Georgia's first confirmed case of influenza (the flu) was reported in December, a full month earlier than last season.
On average, three Georgians die every day from the flu or pneumonia, but those deaths can be prevented by a simple vaccine. And it's not too late to get vaccinated, according to Kathleen E. Toomey, M.D., M.P.H, director of the Georgia Department of Human Resources Division of Public Health.
"The flu season has just begun in Georgia, so there is still time to get vaccinated and get protected from the flu," said Toomey. "People develop peak immunity to the flu about two weeks after getting the shot. So the sooner people get vaccinated, the better."
A mild case of flu can get worse. And even a mild case means lost time from work and a few very unpleasant days. Anyone who has not yet received the 2002-2003 flu vaccine and who is at high risk for complications from influenza should request a shot as soon as possible. The vaccine is available across the state, and most of Georgia's health departments have the vaccine.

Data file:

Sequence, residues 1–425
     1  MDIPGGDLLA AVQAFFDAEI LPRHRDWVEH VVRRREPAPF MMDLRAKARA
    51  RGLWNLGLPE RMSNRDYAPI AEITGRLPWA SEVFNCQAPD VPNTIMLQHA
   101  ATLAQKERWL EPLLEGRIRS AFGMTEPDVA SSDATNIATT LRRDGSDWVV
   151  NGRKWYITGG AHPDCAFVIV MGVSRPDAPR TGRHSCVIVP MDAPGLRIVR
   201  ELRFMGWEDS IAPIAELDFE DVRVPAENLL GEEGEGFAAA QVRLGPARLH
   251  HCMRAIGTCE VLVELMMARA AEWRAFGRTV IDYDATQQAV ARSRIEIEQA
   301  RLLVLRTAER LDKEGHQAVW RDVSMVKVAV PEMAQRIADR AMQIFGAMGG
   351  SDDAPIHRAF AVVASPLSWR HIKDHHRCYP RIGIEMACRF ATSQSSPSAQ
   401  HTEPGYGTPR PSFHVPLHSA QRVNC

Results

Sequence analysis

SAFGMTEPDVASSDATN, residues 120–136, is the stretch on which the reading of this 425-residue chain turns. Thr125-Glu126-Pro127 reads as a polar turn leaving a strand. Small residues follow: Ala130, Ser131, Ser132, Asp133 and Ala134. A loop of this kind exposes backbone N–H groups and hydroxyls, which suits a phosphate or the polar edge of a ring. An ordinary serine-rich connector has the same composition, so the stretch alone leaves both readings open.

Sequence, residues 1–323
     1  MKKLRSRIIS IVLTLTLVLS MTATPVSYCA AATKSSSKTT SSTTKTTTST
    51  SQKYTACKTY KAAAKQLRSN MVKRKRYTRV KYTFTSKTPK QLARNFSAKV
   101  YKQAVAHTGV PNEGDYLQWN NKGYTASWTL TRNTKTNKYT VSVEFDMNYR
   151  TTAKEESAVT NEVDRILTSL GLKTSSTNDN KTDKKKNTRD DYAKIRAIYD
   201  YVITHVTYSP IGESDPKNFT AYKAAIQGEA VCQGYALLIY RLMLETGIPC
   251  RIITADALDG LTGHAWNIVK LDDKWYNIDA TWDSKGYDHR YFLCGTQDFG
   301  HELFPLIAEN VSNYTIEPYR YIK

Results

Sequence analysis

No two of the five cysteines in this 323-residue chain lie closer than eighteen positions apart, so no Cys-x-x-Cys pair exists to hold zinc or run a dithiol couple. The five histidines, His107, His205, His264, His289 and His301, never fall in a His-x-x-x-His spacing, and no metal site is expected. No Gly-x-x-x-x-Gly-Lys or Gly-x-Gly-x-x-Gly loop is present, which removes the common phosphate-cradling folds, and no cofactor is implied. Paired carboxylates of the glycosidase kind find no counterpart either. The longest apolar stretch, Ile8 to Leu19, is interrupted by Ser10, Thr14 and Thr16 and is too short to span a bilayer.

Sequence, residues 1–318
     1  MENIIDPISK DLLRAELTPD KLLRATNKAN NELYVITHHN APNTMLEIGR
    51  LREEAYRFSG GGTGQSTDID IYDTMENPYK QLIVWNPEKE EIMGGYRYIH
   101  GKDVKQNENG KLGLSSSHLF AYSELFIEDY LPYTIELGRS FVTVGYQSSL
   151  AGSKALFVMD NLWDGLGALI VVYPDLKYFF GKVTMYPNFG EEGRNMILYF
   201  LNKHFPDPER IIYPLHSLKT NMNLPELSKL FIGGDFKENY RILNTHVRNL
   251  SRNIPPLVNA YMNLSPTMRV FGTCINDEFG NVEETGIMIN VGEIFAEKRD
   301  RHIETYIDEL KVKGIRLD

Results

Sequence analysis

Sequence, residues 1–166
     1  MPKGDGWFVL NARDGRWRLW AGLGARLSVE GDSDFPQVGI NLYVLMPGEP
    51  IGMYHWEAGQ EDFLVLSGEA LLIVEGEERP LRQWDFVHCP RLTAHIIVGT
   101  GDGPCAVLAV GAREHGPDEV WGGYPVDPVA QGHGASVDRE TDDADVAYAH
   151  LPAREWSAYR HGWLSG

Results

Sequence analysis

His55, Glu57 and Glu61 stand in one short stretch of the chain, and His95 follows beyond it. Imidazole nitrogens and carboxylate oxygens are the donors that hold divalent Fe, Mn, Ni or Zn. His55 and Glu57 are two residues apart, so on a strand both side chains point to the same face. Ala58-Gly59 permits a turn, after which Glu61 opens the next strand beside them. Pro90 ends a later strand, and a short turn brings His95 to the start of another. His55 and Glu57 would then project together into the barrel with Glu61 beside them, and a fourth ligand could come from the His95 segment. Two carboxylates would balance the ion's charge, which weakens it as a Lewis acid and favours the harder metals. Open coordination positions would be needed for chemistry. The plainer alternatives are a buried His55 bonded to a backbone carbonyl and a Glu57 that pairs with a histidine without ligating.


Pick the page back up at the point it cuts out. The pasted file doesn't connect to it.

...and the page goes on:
The Georgia Public Health Laboratory has reported that a sample submitted by a metro Atlanta hospital tested positive for influenza A. This year's vaccine protects against both influenza A and B.
Groups at high risk for complications from influenza include people who are 50 years of age and older; those with chronic medical conditions such as heart disease, lung disease, diabetes, kidney disease and immunosuppression; people living in long-term care facilities; and women in the second or third trimester of pregnancy. People who live or work with high-risk individuals could spread the flu to those persons and should also be vaccinated. Children who are less than 9 years old who are getting the vaccine for the first time need a booster one month later.
For flu shots, contact your healthcare provider or county health department. For more information about influenza and other immunizations, see www.ph.dhr.state.ga.us/programs/immunization/flu.shtml.
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Contact: Barbara Joye
DHR Office of Communications